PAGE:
• Seizure alert & response- Dogs trained to operate push button device to call 911, etc.
  • Alerting to other medical issues, such as low blood sugar- Dogs trained to fetch insulin kit or respiratory assist device if necessary.

 

Assistance Dog Standards

service-dog-1396291Assistance dogs, their trainers, partners and associated programs are held to a high level of standards that are crucial for defining what an assistance dog is. After completing screenings for emotional soundness, physical health and working ability, the dogs must complete labor-intensive training plans which include obedience and task work, such as retrieving, carrying, nose nudge and harness based tasks among many others. Once training is complete, assistance dogs are matched to best suit the needs of their partner and must show they are capable of performing the tasks deemed necessary to alleviate their partner’s disabilities. In turn, assistance dog partners must be able to provide their assistance dog with a secure living environment as well as take responsibility for the dog’s emotional, physical and financial needs.

While many service dog programs use Golden retrievers and Labradors, there are many other examples of breeds that have been successfully trained in aiding individuals with disabilities. The partner and their type of disabilities is a large deciding factor in what type of dog they will be matched with. Breed, size, shape and color aside, a good service dog is very people oriented, not protective or overly active and is confident, but not dominant or submissive.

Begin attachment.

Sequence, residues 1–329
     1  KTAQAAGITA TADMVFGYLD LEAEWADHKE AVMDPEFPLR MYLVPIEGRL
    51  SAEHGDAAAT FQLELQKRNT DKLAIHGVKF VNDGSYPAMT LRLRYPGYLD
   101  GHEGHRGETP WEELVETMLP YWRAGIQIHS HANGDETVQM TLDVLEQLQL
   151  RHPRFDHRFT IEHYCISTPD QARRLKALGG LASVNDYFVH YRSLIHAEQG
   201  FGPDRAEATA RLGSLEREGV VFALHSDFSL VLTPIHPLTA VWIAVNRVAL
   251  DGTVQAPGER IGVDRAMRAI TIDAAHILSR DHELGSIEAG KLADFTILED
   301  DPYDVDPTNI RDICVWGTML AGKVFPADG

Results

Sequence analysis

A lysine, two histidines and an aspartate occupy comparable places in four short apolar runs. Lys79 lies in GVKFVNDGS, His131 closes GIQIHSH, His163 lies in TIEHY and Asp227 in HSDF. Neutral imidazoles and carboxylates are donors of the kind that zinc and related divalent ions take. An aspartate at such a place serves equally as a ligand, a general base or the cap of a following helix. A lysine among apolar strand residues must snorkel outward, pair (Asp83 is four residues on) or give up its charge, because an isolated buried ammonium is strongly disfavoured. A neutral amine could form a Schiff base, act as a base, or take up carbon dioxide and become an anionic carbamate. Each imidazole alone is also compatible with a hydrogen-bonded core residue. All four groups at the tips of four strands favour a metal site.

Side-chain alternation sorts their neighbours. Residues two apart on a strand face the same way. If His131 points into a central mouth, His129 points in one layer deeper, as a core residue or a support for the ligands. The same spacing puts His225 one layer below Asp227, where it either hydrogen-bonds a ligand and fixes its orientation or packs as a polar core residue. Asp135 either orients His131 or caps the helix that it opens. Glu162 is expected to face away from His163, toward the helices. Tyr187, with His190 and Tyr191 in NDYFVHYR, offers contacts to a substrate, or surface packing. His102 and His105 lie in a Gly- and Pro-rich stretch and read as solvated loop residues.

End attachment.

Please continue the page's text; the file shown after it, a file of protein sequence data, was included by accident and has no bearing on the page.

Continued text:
Want to Learn More?

If you are interested in applying for an assistance dog, training an assistance dog or helping to educate others about these specially trained animals, check out the resources below.

  • Assistance Dogs International
    ADI is a coalition of not for profit assistance dog organizations. If you are interested in applying for an assistance dog, you can find resources from Assistance Dogs International to locate programs in your local area.
  • Celebrate International Assistance Dog Week
    This website is a comprehensive resource about International Assistance Dog Week (August 2nd through the 8th). Locate events in your area to help celebrate & raise awareness about assistance dogs.
  • Keystone Pet Enhanced Therapy Services
    Do you know an organization or individual who could benefit greatly from some therapy dog interaction? KPETS, out of Lancaster, PA, is a network of therapy teams that provide therapeutic and supportive benefits to those with disabilities through human to animal interactions. These services are provided to organizations and/or individuals in need free of charge.
  • Phoenix Assistance Dogs of Central PA
    Interested in training an assistance dog? Phoenix Assistance Dogs is a community program created to locate and train puppies to help those in need. PAD can also help individuals in finding and training their own assistance dog if they wish.

Sources:
http://www.iaadp.org/tasks.html
http://www.servicedogcentral.org/content/
http://www.assistancedogsinternational.org/